Video games, light (flashing, bright or fluorescent), cell phone use, smoke or smoking, scented products, computer use, stadium or amusement park lights, watching TV or movies (especially in the dark) are also triggers for tics in some people.

What are your tic triggers? Do you know what they are? Do you ever record them? Have you ever tried to eliminate them? If so, did this reduce your tics? Please leave a comment below.

Artwork by Owen Moxam


Caring for the Caregiver—Spotlight on Respite Services, Part 4: Respite Services in Eastern Canada


There are a variety of respite program options in Eastern Canada including several summer camp programs. These respite programs are listed below by province along with a brief discussion of eligibility criteria, services offered, and links to additional information.

New Brunswick
The Government of New Brunswick offers a program called “Community Based Services for Children with Special Needs” or CBSCSN. Through this program, parents can obtain services or items to assist with providing care and extra support including medical transportation, medical and rehabilitation equipment, and respite. To qualify for this program, a child must be have a severe developmental disability that is life long and require daily assistance with everyday activities. Given this requirement, many children with TS may not qualify for this support.

To learn more about this program, please visit:

Another option for New Brunswickers is a program called “Respite Care Services for Children with Special Needs,” which provides relief and companionship to children under age 21 with any developmental special need in Westmorland, Albert, and Kent counties. Through this program, families can schedule up to 48 hours of relief care per month. Their child will be matched with a volunteer who will provide care in the home or in the community.

For more information,

New Brunswick’s “Camp Rotary” is a summer camp that accepts children with disabilities including TS. Camp Rotary is located in Grand Lake and has multiple summer programs available. To learn which program is best suited for your child or children call 506-458-8739.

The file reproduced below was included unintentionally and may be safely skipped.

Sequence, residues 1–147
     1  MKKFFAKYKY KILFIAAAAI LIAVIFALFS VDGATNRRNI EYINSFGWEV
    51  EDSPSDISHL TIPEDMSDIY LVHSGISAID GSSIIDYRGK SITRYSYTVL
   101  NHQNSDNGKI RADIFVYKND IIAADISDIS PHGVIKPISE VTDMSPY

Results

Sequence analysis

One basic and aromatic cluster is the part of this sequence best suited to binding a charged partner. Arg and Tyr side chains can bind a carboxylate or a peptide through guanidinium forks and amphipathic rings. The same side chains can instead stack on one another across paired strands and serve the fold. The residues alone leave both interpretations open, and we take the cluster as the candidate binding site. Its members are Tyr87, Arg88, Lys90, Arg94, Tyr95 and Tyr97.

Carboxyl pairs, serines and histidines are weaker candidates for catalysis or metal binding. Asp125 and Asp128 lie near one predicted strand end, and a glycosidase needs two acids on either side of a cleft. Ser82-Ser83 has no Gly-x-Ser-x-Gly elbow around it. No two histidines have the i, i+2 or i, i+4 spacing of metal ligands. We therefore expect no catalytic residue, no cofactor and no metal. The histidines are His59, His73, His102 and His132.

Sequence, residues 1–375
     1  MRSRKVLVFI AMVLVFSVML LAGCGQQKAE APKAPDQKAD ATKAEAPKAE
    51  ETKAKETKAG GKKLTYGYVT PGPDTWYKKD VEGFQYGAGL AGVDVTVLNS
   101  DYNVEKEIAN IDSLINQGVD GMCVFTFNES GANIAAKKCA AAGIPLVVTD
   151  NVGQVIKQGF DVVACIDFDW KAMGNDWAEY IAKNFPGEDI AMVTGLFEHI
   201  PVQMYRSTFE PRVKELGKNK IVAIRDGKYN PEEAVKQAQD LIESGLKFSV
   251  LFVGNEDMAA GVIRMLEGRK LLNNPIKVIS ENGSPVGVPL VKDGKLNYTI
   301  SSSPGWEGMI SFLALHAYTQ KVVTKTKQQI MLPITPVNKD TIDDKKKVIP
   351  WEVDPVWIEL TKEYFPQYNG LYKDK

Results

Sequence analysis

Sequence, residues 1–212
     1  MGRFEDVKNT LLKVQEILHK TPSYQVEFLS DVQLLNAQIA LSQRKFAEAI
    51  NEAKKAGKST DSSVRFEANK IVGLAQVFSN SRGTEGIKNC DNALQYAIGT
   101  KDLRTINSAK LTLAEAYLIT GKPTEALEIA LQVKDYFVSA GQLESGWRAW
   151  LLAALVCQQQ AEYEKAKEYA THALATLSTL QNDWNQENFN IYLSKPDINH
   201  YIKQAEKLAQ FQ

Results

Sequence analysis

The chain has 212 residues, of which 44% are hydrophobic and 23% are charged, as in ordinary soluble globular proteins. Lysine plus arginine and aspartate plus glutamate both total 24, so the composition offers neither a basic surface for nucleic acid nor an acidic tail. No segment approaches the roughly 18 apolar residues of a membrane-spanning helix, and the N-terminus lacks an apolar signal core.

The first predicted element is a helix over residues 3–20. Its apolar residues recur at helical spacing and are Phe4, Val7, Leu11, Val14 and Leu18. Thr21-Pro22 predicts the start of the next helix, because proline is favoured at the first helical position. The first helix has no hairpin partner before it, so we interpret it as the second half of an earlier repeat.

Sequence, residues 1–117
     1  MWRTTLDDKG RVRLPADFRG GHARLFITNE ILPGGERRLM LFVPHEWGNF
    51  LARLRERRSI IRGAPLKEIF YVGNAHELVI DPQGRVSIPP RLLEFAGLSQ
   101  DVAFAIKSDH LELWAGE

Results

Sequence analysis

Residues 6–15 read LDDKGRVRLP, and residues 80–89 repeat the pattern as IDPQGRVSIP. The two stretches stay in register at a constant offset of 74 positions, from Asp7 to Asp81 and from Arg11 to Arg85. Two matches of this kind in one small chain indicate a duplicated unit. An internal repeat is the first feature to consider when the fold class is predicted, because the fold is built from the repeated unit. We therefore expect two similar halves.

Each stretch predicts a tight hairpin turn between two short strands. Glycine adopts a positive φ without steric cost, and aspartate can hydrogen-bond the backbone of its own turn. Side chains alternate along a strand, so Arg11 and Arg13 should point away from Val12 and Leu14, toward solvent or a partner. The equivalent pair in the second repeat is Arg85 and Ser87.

In Newfoundland, parents looking for respite should consider the province’s “Provincial Special Child Welfare Allowance Program.” To apply for support from this program, a family must have a child with a disability who is under age 18. This program defines disability as any mobility impairment, speech impairment, ADHD, PDD, psychological disabilities, and learning disabilities (MS, epilepsy, and movement disorders are considered a mobility impairment). A family must be able to provide proof that the disability or disabilities impacts the child’s daily life and requires special care. The program also takes the family’s financial situation into account when determining supports. A variety of services are available through the Provincial Special Child Welfare Allowance including residential respite, fees for childcare/preschool, home supports, transportation to medical appointments, financial support to hire home support, and childcare to enable employment. Families can access this program through their regional health authority. An application and home visit occur with the support of a social worker who will provide referrals to the appropriate services offered by the health authority. To contact the health authority office closest to you, check the numbers listed by region under the disability heading at:

Nova Scotia
In Nova Scotia, the “Direct Family Support for Children” program offers respite (in-home, facility-based, or day programs) as well as funding for transportation and medication. Children who live at home, are under age 19 and have a significant physical disability which causes functional limitations or a mild to moderate intellectual disability with a significant behavioural challenge, are eligible for support through this program. To apply for support, families must contact their regional office.

To learn more about the respite services in Nova Scotia, take a look at this helpful guide:

Prince Edward Island
PEI’s “Supports for People with Disabilities” provides respite, community living supports and community participations supports to children with disabilities that cause ongoing functional limitations. Mental illness and behavioural disorders are excluded from coverage under this program. The disability must be developmental or physical for a child and their family to qualify for support. Families can apply by contacting the phone number that corresponds to their area. All numbers are listed here: